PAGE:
Ginestier, C. et al. ALDH1 is a marker of normal and malignant human mammary stem cells and a predictor of poor clinical outcome. Cell Stem Cell 1, 555–567 (2007).
Fillmore, C. M. & Kuperwasser, C. Human breast cancer cell lines contain stem-like cells that self-renew, give rise to phenotypically diverse progeny and survive chemotherapy. Breast Cancer Res. 10, R25 (2008).
Nalwoga, H., Arnes, J. B., Wabinga, H. & Akslen, L. A. Expression of aldehyde dehydrogenase 1 (ALDH1) is associated with basal-like markers and features of aggressive tumours in African breast cancer. Br. J. Cancer 102, 369–375 (2010).
Silber, J. H. et al. Characteristics associated with differences in survival among black and white women with breast cancer. JAMA 310, 389–397 (2013).
Black, S. A. Diabetes, diversity, and disparity: what do we do with the evidence? Am. J. Public Health 92, 543–548 (2002).
Hood, E. Dwelling disparities: how poor housing leads to poor health. Environ. Health Perspect. 113, A310–A317 (2005).
Lee, E. et al. Characteristics of triple-negative breast cancer in patients with a BRCA1 mutation: results from a population-based study of young women. J. Clin. Oncol. 29, 4373–4380 (2011).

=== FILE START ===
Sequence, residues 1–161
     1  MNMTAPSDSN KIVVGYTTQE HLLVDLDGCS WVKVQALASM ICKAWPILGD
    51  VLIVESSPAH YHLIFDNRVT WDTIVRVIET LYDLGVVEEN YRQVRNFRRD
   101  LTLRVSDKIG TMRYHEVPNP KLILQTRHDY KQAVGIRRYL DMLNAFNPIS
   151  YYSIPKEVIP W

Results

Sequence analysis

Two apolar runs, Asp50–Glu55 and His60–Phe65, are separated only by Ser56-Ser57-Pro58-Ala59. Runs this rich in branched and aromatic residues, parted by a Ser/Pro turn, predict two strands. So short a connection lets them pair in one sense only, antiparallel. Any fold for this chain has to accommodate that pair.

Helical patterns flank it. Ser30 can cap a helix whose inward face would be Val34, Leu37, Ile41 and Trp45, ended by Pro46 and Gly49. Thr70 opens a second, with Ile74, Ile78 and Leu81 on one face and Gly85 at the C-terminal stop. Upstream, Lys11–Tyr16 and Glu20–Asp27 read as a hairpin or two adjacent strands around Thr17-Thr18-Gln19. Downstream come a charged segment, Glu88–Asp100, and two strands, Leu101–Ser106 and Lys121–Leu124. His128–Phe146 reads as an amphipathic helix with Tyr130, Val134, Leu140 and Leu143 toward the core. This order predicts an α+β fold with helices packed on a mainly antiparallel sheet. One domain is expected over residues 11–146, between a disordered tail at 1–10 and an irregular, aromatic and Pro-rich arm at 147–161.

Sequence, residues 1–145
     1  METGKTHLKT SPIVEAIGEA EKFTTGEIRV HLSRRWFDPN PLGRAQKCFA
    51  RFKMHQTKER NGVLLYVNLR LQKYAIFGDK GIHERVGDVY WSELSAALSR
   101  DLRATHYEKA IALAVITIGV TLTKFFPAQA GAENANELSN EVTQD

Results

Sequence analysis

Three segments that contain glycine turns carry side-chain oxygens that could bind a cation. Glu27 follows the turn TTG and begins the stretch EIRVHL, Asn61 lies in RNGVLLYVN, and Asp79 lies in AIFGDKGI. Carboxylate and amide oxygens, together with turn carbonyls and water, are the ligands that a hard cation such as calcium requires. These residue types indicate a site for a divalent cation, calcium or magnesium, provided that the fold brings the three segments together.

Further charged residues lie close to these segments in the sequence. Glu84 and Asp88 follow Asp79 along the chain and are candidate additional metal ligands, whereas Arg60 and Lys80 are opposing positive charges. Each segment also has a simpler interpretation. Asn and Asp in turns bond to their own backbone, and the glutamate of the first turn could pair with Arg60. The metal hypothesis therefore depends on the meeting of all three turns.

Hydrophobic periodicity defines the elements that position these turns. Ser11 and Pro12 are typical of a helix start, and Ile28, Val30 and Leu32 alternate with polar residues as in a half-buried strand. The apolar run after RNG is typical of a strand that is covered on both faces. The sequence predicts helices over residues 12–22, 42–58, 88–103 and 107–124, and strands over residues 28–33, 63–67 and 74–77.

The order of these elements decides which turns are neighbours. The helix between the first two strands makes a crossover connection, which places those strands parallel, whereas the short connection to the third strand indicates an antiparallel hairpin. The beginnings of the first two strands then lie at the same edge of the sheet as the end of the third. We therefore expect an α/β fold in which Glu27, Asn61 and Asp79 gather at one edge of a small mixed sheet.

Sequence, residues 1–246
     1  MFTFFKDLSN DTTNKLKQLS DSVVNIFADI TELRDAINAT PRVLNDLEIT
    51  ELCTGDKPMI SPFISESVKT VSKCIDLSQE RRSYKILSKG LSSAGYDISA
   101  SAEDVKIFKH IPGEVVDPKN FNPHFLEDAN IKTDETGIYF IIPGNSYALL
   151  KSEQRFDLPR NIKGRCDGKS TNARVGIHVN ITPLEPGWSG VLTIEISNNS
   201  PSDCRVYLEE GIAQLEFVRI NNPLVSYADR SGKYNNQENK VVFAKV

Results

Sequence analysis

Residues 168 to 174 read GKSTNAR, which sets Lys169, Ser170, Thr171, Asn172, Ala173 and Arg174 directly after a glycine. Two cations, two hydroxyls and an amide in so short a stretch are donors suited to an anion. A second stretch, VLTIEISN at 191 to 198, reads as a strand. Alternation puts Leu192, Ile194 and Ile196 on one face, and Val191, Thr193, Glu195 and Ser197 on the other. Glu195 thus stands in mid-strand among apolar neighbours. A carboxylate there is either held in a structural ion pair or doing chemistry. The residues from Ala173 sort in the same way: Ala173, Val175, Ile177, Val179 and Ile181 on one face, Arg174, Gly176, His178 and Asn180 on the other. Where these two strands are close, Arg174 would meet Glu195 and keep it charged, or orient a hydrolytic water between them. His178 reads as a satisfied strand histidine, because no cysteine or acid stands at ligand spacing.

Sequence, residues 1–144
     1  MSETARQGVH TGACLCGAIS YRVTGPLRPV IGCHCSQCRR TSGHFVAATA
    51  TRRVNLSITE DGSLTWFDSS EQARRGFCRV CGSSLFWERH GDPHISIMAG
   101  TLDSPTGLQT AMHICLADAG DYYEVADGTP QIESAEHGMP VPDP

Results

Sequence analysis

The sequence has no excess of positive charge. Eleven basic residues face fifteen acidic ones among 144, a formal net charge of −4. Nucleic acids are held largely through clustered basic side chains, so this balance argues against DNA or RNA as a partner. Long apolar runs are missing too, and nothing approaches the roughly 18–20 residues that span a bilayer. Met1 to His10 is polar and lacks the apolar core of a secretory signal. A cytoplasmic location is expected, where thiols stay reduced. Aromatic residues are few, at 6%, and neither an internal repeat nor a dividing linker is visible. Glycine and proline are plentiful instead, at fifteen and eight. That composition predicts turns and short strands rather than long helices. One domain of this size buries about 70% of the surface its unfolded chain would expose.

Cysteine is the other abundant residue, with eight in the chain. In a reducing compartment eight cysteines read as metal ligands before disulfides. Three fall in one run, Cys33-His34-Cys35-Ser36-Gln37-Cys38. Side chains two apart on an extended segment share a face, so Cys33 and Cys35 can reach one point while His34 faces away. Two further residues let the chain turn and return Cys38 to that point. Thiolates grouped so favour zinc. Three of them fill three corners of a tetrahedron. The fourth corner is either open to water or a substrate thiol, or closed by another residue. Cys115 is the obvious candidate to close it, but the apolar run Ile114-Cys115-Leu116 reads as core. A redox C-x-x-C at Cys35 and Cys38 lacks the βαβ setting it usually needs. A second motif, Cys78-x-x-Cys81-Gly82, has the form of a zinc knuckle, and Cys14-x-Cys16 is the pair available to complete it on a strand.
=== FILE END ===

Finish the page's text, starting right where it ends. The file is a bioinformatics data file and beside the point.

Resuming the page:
Pierobon, M. & Frankenfeld, C. L. Obesity as a risk factor for triple-negative breast cancers: a systematic review and meta-analysis. Breast Cancer Res. Treat. 137, 307–314 (2013).
Kwan, M. L. et al. Epidemiology of breast cancer subtypes in two prospective cohort studies of breast cancer survivors. Breast Cancer Res. 11, R31 (2009).
Creighton, C. J. et al. Residual breast cancers after conventional therapy display mesenchymal as well as tumor-initiating features. Proc. Natl Acad. Sci. USA 106, 13820–13825 (2009).
Hartman, Z. C. et al. Growth of triple-negative breast cancer cells relies upon coordinate autocrine expression of the proinflammatory cytokines IL-6 and IL-8. Cancer Res. 73, 3470–3480 (2013).
Hall, I. J., Moorman, P. G., Millikan, R. C. & Newman, B. Comparative analysis of breast cancer risk factors among African-American women and White women. Am. J. Epidemiol. 161, 40–51 (2005).
Shinde, S. S. et al. Higher parity and shorter breastfeeding duration: association with triple-negative phenotype of breast cancer. Cancer 116, 4933–4943 (2010).
Palmer, J. R. et al. Parity and lactation in relation to estrogen receptor negative breast cancer in African American women. Cancer Epidemiol. Biomarkers Prev. 20, 1883–1891 (2011).